Coral bleaching pushes alarm buttons
A study revealing the decline of the Great Barrier Reef was one of the most discussed articles of 2018.
9 January 2019
Suzanne Long / Alamy Stock Photo
When Terry Hughes began researching coral reefs 30 years ago, he did not expect to witness the rapid die-off of the Great Barrier Reef. “I never thought I would write a series of papers on not just one, but two back-to-back events triggered by global warming in 2016 and 2017,” says Hughes, a marine biologist at James Cook University.
Now, in addition to conducting research, Hughes also spends a lot of his time providing briefings to politicians and “anyone else who will listen”.
“I see this outreach as a civic responsibility,” says Hughes. “If your research is worth doing, it’s worth communicating.”
One of the papers Hughes published last year was a particularly dire outlook for the world’s largest reef system. It revealed that the 2016 marine heat wave led to the death of almost half of the coral inhabiting the Great Barrier Reef. The once diverse reef system could soon be made up of just a few tough coral species, changing its structure and appearance.
The bleak paper rocketed to third place among the top articles published in the journals tracked by the Nature Index in 2018. Its Altmetric Attention Score, which measures an article’s online activity, was 4,386 as of 9 January 2019.
Hughes and his team used satellite data and aerial and underwater surveys to assess the scale of the damage caused by the 2016 heat wave across the entire 2,300 kilometres of the Great Barrier Reef. They found that of the 3,863 reefs that make up the system, 29% lost two-thirds or more of their corals in just nine months. The reef underwent another severe bleaching event in early 2017.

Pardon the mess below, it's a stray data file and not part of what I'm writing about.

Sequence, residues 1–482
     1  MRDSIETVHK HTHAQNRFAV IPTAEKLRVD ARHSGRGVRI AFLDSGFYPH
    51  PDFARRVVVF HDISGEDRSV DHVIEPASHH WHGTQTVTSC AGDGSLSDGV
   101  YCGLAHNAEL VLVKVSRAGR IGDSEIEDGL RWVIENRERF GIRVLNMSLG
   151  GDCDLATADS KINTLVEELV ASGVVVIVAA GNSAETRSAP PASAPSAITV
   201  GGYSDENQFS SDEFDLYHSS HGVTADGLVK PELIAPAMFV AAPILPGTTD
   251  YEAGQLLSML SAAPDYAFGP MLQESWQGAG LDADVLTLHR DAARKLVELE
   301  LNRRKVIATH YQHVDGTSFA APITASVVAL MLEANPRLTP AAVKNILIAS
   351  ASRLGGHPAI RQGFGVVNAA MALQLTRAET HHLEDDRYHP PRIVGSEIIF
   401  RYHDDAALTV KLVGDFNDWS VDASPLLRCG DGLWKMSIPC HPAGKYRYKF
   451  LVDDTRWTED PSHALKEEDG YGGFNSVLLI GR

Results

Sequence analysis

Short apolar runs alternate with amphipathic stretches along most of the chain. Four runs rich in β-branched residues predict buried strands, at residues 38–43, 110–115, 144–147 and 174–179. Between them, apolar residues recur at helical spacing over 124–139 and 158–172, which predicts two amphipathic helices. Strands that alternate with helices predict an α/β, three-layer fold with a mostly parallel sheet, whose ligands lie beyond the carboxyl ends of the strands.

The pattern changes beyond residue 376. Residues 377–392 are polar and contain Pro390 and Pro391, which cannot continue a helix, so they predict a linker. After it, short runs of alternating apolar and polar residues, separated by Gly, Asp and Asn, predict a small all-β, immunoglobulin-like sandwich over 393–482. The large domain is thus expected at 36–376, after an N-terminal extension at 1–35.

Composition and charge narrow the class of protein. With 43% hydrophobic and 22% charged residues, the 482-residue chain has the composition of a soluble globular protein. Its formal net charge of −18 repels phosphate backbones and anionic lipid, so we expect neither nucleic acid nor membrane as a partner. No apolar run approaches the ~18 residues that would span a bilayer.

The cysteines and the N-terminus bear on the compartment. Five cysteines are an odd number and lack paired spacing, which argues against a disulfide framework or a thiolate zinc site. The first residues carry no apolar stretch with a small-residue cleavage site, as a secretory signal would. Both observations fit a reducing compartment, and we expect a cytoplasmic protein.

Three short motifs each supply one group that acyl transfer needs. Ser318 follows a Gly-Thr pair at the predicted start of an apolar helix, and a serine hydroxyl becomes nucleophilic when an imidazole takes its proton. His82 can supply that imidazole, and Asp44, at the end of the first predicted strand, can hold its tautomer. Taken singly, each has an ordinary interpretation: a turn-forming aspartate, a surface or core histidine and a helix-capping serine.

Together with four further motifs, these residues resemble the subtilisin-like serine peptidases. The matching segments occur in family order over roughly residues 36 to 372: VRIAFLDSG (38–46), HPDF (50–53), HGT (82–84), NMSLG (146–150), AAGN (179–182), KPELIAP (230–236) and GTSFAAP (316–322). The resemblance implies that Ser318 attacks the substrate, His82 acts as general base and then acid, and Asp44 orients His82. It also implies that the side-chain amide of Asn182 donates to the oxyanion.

Under abnormally high temperatures, corals expel the algae that inhabit their calcium carbonate skeleton in a process known as bleaching. Although corals often bleach in response to heat, the team found that many species died from heat stress before bleaching could even take place. Staghorn and tubular corals fared the worst, and it will take at least a decade for those populations to recover, says Hughes.
New paper on #GreatBarrierReef - from @ProfTerryHughes & colleagues - mass mortality of #corals post-bleaching both adds to and far exceeds the influence of #cyclones and other local pulse disturbances. #climatechange https://t.co/APwaM6FTZ4— Prof Emma L Johnston (@DrEmmaLJohnston) April 18, 2018
The paper informed nearly 200 news reports around the world. The Atlantic’s headline read like an obituary: “Since 2016, half of all coral in the Great Barrier Reef has died”. BBC News provided a graphic description: “Heatwaves ‘cook’ Barrier Reef corals”.
Climate scientist, Kim Cobb, told The Washington Post that the paper “is a grim post-mortem of an event that may very well mark the beginning of the end for many iconic reefs as we know them today.”
The findings also circulated widely on social media, with 4,500 Twitter users sharing the article, and #GreatBarrierReef quickly becoming a trending topic.
Another study led by Hughes, which reached eighth place among the top articles published in Nature Index-tracked journals in 2018, found that the frequency of coral bleaching events has increased fivefold over the last 40 years.